Aunt Isabel Tells a Good One and Aunt Isabel Makes Trouble

by Kate Duke

Page 1 of 2

Aunt Isabel Tells a Good One Penguin Group


Create a memorable storytelling unit for your class with the help of this teacher's guide and two lively little mice! Curious Penelope and her beloved Aunt Isabel, the mouse stars of Aunt Isabel Tells a Good One and Aunt Isabel Makes Trouble by Kate Duke, introduce children to the elements of a good tale. Using the lessons here, you can enhance your students' appreciation of these books and familiarize them with the process of creating a story. The Aunt Isabel books can be enjoyed by a broad age group (preschool through early elementary), and the activities presented here can be adapted for different grades. They also include suggestions for use with students with special needs.

And now, it's storytime...

Aunt Isabel Tells a Good One

Story Elements: Giving the Solution a Twist!

By isolating basic story elements – setting, characters, problem, and solution – Aunt Isabel Tells a Good One shows students the building blocks of a story. This lesson gives them an opportunity to identify and modify these elements as a first step in creating a story of their own. A graphic organizer is provided to assist the lesson. Students should be encouraged to share their work as they develop their ideas. A large-group sharing time provides teacher and students with an opportunity to discuss and assess the final products.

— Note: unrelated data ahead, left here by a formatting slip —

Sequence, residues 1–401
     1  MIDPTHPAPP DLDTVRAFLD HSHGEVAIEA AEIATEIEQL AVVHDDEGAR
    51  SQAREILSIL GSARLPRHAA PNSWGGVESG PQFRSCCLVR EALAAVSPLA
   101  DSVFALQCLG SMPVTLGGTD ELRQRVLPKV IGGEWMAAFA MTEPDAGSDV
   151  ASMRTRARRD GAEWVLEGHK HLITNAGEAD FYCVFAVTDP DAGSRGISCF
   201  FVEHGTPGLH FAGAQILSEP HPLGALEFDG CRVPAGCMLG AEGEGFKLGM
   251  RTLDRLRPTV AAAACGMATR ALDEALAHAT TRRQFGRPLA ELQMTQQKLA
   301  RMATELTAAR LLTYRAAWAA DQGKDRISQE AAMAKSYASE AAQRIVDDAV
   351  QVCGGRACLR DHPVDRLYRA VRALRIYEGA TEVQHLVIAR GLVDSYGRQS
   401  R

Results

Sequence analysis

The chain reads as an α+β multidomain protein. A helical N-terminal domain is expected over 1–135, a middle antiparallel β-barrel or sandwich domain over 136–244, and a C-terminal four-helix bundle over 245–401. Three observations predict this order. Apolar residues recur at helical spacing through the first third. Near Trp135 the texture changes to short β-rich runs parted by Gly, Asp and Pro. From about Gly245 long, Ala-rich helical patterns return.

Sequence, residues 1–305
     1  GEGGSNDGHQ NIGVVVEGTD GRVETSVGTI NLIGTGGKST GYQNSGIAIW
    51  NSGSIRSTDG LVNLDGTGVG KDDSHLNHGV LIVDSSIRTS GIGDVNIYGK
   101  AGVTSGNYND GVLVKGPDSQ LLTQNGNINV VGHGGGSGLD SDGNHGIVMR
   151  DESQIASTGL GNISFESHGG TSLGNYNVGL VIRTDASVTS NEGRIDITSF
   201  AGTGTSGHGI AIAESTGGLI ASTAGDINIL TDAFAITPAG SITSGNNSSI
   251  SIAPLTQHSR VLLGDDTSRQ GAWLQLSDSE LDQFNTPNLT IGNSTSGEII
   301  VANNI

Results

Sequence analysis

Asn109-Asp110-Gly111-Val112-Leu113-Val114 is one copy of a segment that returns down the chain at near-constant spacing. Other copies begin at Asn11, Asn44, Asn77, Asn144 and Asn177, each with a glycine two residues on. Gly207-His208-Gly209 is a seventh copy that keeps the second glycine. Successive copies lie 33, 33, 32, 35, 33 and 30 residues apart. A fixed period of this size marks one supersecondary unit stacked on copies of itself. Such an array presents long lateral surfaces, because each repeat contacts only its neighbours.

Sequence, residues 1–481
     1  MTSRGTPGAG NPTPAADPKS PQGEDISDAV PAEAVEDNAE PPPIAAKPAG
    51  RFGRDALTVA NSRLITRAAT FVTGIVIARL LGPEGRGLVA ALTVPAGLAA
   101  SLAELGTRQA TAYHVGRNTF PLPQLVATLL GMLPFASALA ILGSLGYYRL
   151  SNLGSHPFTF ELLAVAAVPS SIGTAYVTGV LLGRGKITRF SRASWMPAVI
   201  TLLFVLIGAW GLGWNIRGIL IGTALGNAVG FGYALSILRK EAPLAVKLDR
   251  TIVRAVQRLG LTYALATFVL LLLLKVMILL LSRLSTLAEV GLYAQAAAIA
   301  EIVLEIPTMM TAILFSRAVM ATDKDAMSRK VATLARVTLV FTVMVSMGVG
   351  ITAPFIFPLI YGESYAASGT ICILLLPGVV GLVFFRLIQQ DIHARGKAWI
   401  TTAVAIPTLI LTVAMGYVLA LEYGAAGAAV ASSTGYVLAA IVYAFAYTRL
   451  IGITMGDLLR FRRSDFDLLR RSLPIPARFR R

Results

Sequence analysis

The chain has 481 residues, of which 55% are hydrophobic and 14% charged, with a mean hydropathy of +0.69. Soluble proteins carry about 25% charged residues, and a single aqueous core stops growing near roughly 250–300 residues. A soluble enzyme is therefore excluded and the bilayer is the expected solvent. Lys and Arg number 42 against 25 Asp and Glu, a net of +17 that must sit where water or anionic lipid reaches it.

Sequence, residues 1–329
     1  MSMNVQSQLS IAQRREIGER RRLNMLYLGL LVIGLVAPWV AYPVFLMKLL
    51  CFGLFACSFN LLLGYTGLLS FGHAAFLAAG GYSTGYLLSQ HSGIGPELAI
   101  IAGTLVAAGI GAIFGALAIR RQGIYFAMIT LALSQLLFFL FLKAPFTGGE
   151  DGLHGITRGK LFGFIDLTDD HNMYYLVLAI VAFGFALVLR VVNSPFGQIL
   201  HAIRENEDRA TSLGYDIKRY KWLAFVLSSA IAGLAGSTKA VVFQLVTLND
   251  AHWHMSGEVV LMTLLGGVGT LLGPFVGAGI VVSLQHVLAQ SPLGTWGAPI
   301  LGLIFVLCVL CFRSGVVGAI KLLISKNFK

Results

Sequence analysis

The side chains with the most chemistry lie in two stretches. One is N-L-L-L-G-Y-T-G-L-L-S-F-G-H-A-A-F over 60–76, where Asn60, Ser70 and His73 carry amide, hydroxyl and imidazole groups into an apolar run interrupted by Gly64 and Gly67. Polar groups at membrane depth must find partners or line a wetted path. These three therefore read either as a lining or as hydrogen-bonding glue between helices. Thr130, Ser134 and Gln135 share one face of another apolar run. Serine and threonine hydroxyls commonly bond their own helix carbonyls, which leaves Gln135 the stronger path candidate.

1. Students will learn about the construction of a good tale through a reading of Aunt Isabel Tells a Good One.

2. Students will be able to identify the setting, main characters, problem, and solution of Aunt Isabel Tells a Good One with the assistance of your graphic organizer.

3. To develop their own skills as authors, students will be able to modify the tale by creating a new solution to Aunt Isabel Tells a Good One.

4. Students will be able to share their work with the class.


  • Aunt Isabel Tells a Good One by Kate Duke
  • Large paper and marker for webbing ideas (optional)
  • Photocopies of your graphic organizer (optional)